Think before you go to college, says blogger/professor Glenn Reynolds in a Reason TV interview. What are you going to study? Will you be able to repay student loans? His book, The New School, predicts “the information age will save American education from itself.”
The U.S. has become a “country of credentials” because of the U.S. Supreme Court’s 1971 “disparate impact” ruling, argues Bill McMorris in The American Spectator. Griggs v. Duke Power Company changed how companies hire, pay and promote workers, he writes.
Black workers complained they had to be high school graduates and pass two aptitude tests to be promoted at their North Carolina plant. Blacks were less likely to pass than whites and less likely to have finished high school.
The court agreed that was racist. “What is required by Congress is the removal of artificial, arbitrary, and unnecessary barriers to employment when the barriers operate invidiously to discriminate on the basis of racial or other impermissible classification,” Chief Justice Warren Burger wrote.
The military used aptitude testing heavily in World War II and businesses followed suit in the post-war era, writes McMorris. Blue-collar workers could rise through the ranks.
“Despite their imperfections, tests and criteria such as those at issue in Griggs (which are heavily…dependent on cognitive ability) remain the best predictors of performance for jobs at all levels of complexity,” University of Pennsylvania Professor Amy Wax has found.
. . . “Most legitimate job selection practices, including those that predict productivity better than alternatives, will routinely trigger liability under the current rule,” Wax wrote in a 2011 paper titled “Disparate Impact Realism.”
The solution for businesses post-Griggs was obvious: outsource screening to colleges, which are allowed to weed out poor candidates based on test scores. The bachelor’s degree, previously reserved for academics, doctors, and lawyers, became the de facto credential required for any white-collar job.
That’s pushed more people to go to college and into debt, McMorris writes. “One out of every four bartenders has a diploma, and though they listen to moping for a living, few majored in psychology.”
The best way to prevent college dropouts is to stop admitting unprepared students to four-year colleges and universities, argues Richard Vedder. People with “some college, no degree” earn little more than high school-only workers, but most have student loans to repay. If they’d started at community college, they might have job skills without the debt.
Under pressure to cut student loan defaults, colleges are refusing to accept unsubsidized federal loans that require students to begin making interest payments immediately. Florida’s Broward College won’t accept private loans. Would-be borrowers have to attend a money-management workshop. Defaults are down.
Fourteen historically black colleges were at risk of losing access to federal student aid because of high default rates on student loans. At the last minute, the U.S. Education Department changed the method used to calculate default rates: 20 for-profit colleges and one public adult education program remain on the list of colleges facing sanctions.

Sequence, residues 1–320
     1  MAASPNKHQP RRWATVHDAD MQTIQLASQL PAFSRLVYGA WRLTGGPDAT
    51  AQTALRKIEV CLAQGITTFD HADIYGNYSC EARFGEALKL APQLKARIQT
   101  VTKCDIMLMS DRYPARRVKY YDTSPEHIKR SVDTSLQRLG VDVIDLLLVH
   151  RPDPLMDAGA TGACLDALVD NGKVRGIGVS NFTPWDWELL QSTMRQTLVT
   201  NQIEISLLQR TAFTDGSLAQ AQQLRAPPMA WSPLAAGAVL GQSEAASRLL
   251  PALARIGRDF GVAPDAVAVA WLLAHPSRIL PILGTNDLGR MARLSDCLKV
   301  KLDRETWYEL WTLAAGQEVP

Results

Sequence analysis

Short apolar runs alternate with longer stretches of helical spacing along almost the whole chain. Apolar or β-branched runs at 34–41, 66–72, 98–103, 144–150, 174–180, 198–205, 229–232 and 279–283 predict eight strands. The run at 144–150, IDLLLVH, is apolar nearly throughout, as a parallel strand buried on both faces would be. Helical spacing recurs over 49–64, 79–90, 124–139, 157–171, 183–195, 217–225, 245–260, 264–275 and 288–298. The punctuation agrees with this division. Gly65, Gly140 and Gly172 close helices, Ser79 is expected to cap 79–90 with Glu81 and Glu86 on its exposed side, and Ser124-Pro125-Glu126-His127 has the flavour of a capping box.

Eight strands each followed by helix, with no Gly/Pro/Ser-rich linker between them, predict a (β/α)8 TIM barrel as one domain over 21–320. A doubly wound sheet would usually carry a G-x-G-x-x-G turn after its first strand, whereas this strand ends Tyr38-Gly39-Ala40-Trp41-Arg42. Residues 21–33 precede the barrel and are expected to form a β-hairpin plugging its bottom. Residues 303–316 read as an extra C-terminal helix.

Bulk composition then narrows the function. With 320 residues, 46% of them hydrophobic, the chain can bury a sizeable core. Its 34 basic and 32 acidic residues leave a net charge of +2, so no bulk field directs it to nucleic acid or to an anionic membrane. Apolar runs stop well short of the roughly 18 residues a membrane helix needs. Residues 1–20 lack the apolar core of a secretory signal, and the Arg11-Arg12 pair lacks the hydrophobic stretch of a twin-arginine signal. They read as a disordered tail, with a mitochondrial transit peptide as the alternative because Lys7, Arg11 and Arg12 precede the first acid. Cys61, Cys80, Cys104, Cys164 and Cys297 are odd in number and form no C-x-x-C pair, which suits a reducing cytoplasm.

The public service loan forgiveness (PSLF) program offers big benefits and bad incentives, writes New America’s Jason Delisle in Zero Marginal Cost. For graduate students planning careers in teaching, social work and government, it’s likely “the federal government will finance the entire cost, without limit, including all living expenses.”
Combining PSLF with Income-Based Repayment encourages graduate and professional students to borrow more and sign up for degree programs of questionable value. Colleges will be able to raise tuition once borrowers realize they’re not going to have to pay back their loans.
At a minimum, lawmakers should cap loan forgiveness under PSLF at $30,000, aligning it with the limit for Pell Grants to low-income undergraduate students. (There is currently no limit.) The federal government should not provide more in loan forgiveness to graduate students than it is willing to provide in grant aid for a low-income student to pursue an undergraduate education.
There is also a case for eliminating PSLF altogether. Because IBR makes any loan size affordable, PSLF isn’t a necessary component of the insurance IBR provides. Rather, it makes IBR do double duty as generous graduate school tuition assistance for those who want to work in non-profit or government jobs—even high-paying ones.
Teachers can use several, overlapping loan forgiveness programs, if they can navigate the complex, confusing federal aid system.
If too many students default on their loans, colleges risk losing access to federal student aid. That’s motivated community colleges to develop default management plans. But denying federal loans to high-risk students isn’t an option.
Millions of laid-off Americans have used federal aid to train for new jobs, yet found themselves unemployed and in debt.
It’s not clear the $3.1 billion Workforce Investment Act (WIA), which was reauthorized last month, improves trainees’ odds of finding a job or raising their earnings. Nobody keeps track.
People who’ve fallen behind on their debts will be able to take out federal Parent PLUS college loans under a proposed regulation relaxing credit requirements. Borrowers don’t have to show their income, employment status or ability to repay the loan.
To qualify for federal aid, students must enroll in accredited, degree-granting programs. Utah Sen. Mike Lee proposes letting states accredit alternative postsecondary programs, such as job training, apprenticeships and distance-learning options. People seeking skills — but not necessarily a degree — could assemble the education they need, a la carte, using federal grants and loans to pay their costs.